ThunderX: From Small & Simple to Wide & Complex

As a brief recap, the original ThunderX was an improved version of the Octeon III: a dual-issue in-order CPU core with two short pipelines.

The advantage of the original ThunderX design is that such a simple core can be very energy efficient, especially for "low ILP" (instruction level parallelism) workloads such as web servers and most database servers. Of course, such a short pipeline limits the clockspeed, and such a simple in-order design offers low single threaded performance in medium and high ILP workloads, whereas more advanced out-of-order processors can extract significant parallelism.

Cavium's "New" Core: Vulcan

Relative to the original ThunderX, the Vulcan core of the ThunderX2 is an entirely different beast. Announced in 2014 by Broadcom, it is a relatively wide core that runs 4 simultaneous threads (SMT4). As a result, the wide back end should be quite busy even when running low-ILP server workloads.

To make sure that all 4 SMT threads can be sustained, the ThunderX2 front-end can fetch up to 64 bytes from the 8-way set associative 32 KB instruction cache, which is outfitted with a simple next line prefetcher. However, fetching 8 instructions is only possible if there is no taken branch inside those 64 bytes. In that case, the fetch breaks off at the taken branch.

That means that in branch intensive code (databases, AI...) the fetcher will get +/- 5 instructions per clock cycle on average, as one out of 5 instructions is a branch. The fetched instructions are then sent to a smoothing buffer – a buffer where the fetched instructions are held for decoding.

The decoder will then work on a bundle of 4 instructions. Between the decoder and the rename phase each thread has "skid buffer" which consists of 8 bundles. So between the 4 threads up to 32 bundles (128 instructions) can be skid buffered at any one time..

Those 4 instructions – a bundle – travel together through the pipeline until they reach the unified issue queue of the scheduler. Just like Intel has implemented in Nehalem, there is also a loop buffer and predictor, which Intel used to call a "Loop Stream Detector". This loop buffer avoids branch mispredictions and contains decoded µops, which "shortens" the pipeline and reduces the amount of power spent on decoding.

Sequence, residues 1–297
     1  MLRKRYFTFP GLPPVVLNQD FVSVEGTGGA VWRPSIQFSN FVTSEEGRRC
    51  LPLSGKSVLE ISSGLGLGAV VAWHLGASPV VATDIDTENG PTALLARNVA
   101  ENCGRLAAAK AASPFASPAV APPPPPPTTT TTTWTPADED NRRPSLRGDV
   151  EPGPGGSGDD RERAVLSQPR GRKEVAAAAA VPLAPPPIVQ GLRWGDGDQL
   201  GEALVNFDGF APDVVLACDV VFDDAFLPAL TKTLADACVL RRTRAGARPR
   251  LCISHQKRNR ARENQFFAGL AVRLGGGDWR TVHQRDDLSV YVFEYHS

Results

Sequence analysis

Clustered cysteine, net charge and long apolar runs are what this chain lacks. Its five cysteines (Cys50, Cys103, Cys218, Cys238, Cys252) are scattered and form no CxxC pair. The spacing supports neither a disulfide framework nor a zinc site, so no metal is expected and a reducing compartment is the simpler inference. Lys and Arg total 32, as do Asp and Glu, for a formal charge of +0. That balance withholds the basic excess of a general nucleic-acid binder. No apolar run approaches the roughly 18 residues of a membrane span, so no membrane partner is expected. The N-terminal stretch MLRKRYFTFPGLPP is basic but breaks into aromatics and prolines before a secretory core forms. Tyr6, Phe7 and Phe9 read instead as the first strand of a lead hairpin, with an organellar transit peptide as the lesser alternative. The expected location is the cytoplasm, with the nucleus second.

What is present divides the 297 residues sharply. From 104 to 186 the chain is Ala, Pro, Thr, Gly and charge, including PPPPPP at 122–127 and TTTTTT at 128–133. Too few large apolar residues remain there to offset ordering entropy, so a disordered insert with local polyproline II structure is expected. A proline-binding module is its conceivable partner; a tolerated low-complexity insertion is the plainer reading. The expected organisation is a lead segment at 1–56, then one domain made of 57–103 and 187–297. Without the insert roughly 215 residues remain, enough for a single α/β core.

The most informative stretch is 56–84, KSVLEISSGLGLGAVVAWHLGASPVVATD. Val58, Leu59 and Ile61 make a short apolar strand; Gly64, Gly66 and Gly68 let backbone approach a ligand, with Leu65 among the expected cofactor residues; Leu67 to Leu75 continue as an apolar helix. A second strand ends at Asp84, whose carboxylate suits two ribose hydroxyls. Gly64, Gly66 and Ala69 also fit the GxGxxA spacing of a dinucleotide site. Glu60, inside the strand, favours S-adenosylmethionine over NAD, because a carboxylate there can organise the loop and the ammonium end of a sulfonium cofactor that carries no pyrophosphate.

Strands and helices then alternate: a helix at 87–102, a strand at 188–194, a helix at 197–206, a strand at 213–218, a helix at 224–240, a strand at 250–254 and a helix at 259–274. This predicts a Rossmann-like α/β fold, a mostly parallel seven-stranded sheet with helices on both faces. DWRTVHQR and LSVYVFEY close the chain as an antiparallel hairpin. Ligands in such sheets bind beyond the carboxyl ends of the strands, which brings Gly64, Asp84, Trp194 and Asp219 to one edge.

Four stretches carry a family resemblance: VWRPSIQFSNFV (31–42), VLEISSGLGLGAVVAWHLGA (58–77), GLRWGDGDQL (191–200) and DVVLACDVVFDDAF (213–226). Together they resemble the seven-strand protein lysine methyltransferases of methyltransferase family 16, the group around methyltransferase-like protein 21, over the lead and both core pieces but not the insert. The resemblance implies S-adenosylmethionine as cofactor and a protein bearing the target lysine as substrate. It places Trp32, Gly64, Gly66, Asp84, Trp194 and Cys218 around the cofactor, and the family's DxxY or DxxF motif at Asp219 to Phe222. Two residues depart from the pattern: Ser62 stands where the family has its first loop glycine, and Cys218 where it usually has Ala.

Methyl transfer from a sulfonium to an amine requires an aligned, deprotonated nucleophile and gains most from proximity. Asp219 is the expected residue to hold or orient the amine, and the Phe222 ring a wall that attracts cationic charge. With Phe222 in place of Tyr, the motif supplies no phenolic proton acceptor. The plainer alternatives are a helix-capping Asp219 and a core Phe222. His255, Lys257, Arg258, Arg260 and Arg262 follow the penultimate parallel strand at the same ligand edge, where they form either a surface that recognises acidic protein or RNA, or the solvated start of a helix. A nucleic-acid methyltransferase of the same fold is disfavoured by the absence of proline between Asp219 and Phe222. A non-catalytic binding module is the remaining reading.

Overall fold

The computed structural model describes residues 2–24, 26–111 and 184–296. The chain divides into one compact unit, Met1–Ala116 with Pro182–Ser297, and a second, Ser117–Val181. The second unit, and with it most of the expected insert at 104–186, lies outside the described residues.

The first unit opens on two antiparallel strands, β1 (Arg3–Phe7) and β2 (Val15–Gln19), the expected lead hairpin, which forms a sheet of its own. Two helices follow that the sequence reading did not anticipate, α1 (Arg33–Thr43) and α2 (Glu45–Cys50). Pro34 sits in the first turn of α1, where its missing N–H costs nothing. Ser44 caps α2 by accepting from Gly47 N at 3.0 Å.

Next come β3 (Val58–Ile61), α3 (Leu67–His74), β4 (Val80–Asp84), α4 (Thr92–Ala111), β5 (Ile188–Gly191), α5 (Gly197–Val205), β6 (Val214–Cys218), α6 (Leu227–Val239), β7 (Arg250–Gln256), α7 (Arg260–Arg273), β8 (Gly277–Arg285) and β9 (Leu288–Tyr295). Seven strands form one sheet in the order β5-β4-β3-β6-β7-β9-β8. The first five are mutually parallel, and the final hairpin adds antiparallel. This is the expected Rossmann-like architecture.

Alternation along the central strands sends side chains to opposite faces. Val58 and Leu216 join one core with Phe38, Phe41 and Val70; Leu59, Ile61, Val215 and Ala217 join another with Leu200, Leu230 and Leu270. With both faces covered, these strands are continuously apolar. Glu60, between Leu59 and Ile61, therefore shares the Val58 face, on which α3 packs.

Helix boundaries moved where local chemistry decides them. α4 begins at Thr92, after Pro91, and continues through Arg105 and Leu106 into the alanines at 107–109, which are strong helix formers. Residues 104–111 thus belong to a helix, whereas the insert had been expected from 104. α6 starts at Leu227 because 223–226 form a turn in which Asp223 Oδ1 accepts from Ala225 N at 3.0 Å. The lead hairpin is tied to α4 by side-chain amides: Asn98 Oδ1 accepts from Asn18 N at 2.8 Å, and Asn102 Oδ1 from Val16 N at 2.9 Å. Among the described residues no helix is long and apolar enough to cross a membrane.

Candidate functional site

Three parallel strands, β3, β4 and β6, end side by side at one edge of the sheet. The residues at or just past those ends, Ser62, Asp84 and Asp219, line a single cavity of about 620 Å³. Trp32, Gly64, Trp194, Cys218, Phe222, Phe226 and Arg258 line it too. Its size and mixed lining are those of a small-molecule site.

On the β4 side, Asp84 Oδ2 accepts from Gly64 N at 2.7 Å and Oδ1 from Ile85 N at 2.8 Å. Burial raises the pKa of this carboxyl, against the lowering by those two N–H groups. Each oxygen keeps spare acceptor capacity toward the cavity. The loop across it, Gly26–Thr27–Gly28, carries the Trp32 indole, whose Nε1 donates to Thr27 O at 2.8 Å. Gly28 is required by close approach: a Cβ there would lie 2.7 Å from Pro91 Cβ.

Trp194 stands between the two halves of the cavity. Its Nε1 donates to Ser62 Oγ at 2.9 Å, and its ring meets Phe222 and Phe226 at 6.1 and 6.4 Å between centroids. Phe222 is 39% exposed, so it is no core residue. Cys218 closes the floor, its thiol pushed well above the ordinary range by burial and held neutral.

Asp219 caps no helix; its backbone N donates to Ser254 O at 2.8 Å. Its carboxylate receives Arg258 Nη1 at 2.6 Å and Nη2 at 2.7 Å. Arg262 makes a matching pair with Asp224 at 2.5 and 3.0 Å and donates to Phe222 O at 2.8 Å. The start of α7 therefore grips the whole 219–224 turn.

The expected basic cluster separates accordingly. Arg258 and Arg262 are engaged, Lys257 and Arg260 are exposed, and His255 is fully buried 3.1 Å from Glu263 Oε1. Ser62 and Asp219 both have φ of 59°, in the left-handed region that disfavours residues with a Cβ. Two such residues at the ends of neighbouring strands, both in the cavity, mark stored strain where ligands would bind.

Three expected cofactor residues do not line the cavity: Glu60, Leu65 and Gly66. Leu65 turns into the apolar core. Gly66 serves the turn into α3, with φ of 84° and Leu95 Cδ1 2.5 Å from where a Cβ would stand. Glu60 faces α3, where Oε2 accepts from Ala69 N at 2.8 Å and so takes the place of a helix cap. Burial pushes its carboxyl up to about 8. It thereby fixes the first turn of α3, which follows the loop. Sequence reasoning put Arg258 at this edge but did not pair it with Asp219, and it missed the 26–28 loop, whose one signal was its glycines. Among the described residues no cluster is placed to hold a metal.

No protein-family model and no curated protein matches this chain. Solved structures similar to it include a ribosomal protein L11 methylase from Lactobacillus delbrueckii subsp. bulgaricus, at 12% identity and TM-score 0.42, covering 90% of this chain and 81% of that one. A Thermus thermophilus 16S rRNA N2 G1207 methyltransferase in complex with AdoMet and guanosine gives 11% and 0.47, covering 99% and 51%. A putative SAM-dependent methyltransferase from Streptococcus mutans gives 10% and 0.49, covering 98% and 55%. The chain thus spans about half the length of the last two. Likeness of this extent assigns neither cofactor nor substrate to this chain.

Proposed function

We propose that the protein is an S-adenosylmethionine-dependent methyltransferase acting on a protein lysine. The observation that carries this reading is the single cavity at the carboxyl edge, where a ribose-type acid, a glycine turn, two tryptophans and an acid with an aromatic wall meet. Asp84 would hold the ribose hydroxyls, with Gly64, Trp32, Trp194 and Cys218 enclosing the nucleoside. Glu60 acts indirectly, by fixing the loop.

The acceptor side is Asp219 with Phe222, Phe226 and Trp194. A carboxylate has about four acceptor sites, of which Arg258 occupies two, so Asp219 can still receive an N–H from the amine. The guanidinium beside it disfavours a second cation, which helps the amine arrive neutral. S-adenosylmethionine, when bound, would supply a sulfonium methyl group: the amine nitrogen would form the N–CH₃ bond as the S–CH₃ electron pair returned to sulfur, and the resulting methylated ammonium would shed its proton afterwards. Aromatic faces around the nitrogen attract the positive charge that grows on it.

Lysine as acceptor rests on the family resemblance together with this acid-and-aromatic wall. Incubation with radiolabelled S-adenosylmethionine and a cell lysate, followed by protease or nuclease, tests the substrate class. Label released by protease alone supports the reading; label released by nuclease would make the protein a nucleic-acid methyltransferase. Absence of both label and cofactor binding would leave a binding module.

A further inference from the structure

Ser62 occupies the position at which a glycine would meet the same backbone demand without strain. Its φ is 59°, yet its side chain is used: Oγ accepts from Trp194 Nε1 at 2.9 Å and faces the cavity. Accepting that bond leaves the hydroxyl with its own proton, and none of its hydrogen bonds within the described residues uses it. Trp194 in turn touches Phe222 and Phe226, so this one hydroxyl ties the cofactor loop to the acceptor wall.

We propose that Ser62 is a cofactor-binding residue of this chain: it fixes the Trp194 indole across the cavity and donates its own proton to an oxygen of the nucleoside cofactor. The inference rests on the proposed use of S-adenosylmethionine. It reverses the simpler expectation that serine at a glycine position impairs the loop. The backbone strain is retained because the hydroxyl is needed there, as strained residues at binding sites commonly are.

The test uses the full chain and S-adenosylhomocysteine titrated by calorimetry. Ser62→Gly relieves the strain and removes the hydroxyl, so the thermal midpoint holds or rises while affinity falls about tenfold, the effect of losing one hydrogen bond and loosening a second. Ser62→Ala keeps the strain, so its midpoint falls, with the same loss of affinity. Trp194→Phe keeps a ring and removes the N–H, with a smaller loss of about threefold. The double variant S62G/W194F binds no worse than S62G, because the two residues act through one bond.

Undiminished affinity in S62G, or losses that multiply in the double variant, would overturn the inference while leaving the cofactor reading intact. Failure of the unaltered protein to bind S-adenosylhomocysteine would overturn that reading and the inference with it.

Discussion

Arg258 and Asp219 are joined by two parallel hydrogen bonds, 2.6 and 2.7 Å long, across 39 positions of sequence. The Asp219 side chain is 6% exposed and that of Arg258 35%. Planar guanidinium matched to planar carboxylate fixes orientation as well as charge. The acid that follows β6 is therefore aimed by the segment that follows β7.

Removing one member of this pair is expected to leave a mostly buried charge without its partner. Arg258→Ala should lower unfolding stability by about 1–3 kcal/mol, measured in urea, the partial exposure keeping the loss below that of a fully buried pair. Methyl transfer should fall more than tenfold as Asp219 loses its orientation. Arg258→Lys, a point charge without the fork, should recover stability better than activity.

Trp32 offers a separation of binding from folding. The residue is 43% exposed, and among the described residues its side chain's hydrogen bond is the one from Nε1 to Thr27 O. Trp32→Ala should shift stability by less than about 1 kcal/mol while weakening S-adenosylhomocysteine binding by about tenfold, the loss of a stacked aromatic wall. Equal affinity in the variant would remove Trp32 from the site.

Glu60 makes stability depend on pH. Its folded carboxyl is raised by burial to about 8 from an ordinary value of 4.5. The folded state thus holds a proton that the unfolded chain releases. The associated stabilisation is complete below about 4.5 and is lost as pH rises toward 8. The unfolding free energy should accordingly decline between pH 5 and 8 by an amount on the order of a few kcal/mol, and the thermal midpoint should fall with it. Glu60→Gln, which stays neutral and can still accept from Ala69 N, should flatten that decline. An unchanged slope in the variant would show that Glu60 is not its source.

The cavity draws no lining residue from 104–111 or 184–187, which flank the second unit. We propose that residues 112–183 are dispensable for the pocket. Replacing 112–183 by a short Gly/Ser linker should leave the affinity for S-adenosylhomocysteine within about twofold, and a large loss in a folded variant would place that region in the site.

Overall, up to 6 instructions can be executed at the same time. This is divided into 2 ALU/FP/NEON slots, 1 ALU/branch slot, 2 load/store slots (16 bytes), and 1 pure store slot that sends 16 bytes to the D-cache. There is a small (Cavium would not disclose how small) L1 TLB for zero latency translation from Virtual to physical addresses. There is no hardware prefetcher for the L1 D-cache, but the L2 cache has a rather complex hardware prefetcher which is able to recognize patterns (besides being able to stride or fetching the next line).

This is enough to feed the back-end, which can sustain 4 instructions per cycle from 4 different threads.

Micro Architecture Differences

Ultimately Cavium has only published a limited amount of information on the ThunderX2 cores, so there are some limits to our knowledge. But we've gone ahead and summarized some of the key specifications of the different CPU architectures below.

Feature Cavium ThunderX2
 
Qualcomm
Centriq
"Falkor"
Intel
"Skylake"-SP
AMD
EPYC
"Zen"
L1-I cache
Associativity
32 KB
8-way
64KB
8-way
(+ 24 KB L0)
32 KB
8-way
64KB
4-way
L1-D cache
Associativity
32 KB
8-way
32 KB
8-way*
32 KB
8-way
32 KB
8-way
Load Bandwith 2x 16B 2x 16B 2x 32B 2x 16B
L2-cache 256 KB
8-way
256 KB
8-way
1 MB
16-way
512 KB
8-way
Fetch Width 8 instructions 4 instructions 16 bytes (+/- 4-5 x86) 32 bytes (+/- 6-8 x86)
Issue Queue 60 76 97 unified 6x14
Sustainable Instructions/cycle 4 4 5-6 4-5
Instructions in Flight 180 (ROB) 128 224 (ROB) 192
Int. Pipeline Length

?

15 stages 19 stages
14 stage from µop cache
19 stages?
TLB Instructions
TLB Data
"Small L1" + 2048 unified L2 ?
64+512
128
64
+1536 Unified
8+64+512
64+1532

A detailed analysis is out of the scope of this article. But you can read Ian's analyses of the Falkor, Skylake and Zen architectures here at AnandTech. We limit ourselves to the most obvious differences.

It is pretty clear that Intel's single-threaded performance remains unchallenged: the Skylake core is the widest core, keeps the most instructions in flight, and most importantly runs at the highest clockspeed. The ThunderX2 core is the one that fetches the most instructions per cycle, as it has to be able to keep 4 threads running. The fetch unit will grab 8 instructions from one thread, than grab 8 from the second thread and it will keep cycling between threads. A bad prediction could thus lower the performance of single thread significantly.